By: Josh Billy, The Ohio State University
The 232nd ECS Meeting will be featuring several new events, including the ECS Career Expo. As a PhD candidate moving ever-closer to defending my thesis, I couldn’t be more excited for this new addition.
I have been to three ECS biannual meetings and several local chapter events as a graduate student. I’ve used meetings to share my work, learn about a lot of interesting research from other groups, and perhaps most importantly, network. Meeting fellow electrochemists, especially those working on projects related to mine, is difficult to do anywhere other than ECS meetings. In a similar way, I’ve struggled to come across electrochemistry positions during my job search.
Because it’s always important to think ahead, I used the sponsor exhibits at previous meetings as a makeshift career fair. In Hawaii last year, I made my way around the booths and spoke to exhibitors while trying to get a feel for what types of jobs they might have available. The problem with the sponsor exhibit, however, is that the job types are limited; companies with sponsor exhibits are mostly (this is not always the case) making products that researchers use rather than for general consumers. The truth is that there are many more companies with electrochemistry positions available not previously represented at ECS meetings. The new ECS Career Expo will hopefully change that.
Searching for a job can be difficult, especially if you are looking for one in a niche field. Sometimes I wonder if I chose the right research topic, whether the one I work on will help me build important skills or instead hurt my career opportunities. After all, the carbon dioxide electroreduction industry hasn’t quite taken off yet.
If I want to work in a field slightly different than my graduate work, how can I outcompete other new PhDs who did their graduate work in that field? How can I outcompete older PhDs who have years more experience than I do? Will I even be able to find a job? Do I need to do a postdoc? I’m certainly not the first graduate student to ask these questions and will not be the last.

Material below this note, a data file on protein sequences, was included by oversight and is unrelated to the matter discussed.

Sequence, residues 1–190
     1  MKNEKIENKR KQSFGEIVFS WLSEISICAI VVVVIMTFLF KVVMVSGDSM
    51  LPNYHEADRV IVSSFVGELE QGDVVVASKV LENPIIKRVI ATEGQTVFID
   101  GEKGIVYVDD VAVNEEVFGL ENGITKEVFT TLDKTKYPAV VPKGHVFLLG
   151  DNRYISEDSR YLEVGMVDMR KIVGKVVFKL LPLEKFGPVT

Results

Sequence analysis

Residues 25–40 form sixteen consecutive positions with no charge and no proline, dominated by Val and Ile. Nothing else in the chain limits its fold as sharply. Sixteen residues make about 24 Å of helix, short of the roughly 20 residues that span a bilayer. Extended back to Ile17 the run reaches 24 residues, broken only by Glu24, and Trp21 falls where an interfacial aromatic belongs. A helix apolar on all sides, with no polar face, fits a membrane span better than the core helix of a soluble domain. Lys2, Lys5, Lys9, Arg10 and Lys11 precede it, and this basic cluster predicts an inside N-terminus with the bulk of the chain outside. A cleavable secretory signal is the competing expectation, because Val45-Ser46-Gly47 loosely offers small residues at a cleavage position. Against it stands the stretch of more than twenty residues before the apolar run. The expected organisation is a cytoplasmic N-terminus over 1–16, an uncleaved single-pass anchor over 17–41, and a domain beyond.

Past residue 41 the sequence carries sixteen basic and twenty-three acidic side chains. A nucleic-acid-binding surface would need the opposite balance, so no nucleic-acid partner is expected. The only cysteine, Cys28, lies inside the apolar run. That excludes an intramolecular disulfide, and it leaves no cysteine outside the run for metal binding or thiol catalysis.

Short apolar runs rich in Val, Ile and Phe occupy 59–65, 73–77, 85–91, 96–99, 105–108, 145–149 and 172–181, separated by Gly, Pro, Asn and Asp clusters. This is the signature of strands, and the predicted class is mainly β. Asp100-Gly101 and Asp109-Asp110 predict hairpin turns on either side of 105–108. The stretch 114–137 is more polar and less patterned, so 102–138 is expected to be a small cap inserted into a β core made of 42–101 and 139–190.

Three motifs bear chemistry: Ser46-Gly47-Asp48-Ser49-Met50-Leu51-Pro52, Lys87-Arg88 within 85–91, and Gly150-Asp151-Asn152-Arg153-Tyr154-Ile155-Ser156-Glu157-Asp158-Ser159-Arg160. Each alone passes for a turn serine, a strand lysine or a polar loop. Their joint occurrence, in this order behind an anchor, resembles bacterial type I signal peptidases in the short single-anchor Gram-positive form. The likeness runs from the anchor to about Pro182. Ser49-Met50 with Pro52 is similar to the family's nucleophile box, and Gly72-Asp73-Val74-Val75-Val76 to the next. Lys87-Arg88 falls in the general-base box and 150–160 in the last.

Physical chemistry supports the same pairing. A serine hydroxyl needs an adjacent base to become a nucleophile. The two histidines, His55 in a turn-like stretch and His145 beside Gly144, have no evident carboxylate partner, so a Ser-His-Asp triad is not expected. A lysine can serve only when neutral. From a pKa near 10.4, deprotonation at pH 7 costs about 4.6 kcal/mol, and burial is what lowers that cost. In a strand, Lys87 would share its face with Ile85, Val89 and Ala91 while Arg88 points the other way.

As a result of years in academia, the most obvious career path is the one that leads toward a professorship. This is probably the case for a number of reasons, most importantly because your PI and other academic mentors took this path. In order to land a faculty position, a postdoc is typically required. But what if your career goals aren’t in academia?
For young scientists, pursuing a career in academia can be stressful and even risky.
“There are many more PhD holders seeking tenure-track faculty jobs than available positions,” a recent Science article stated.
As a result, many PhDs are preferring to pass on faculty positions and look for jobs in industry, or elsewhere. Understanding the types of opportunities that exist beyond the academic campus is where career fairs, like the ECS Career Expo, come in.
Whether it’s in batteries, fuel cells, polymers, or corrosion, electrochemistry jobs are out there. When the 232nd ECS Meeting in the National Harbor comes around, expect to find me at the ECS Career Expo learning about them.
Josh Billy is a PhD candidate at The Ohio State University where he works on carbon dioxide electroreduction in Dr. Anne Co’s research group. He helped organize “ECS Ohio” in 2014 and has presented his work at biannual ECS meetings in Chicago, San Diego, and Hawaii.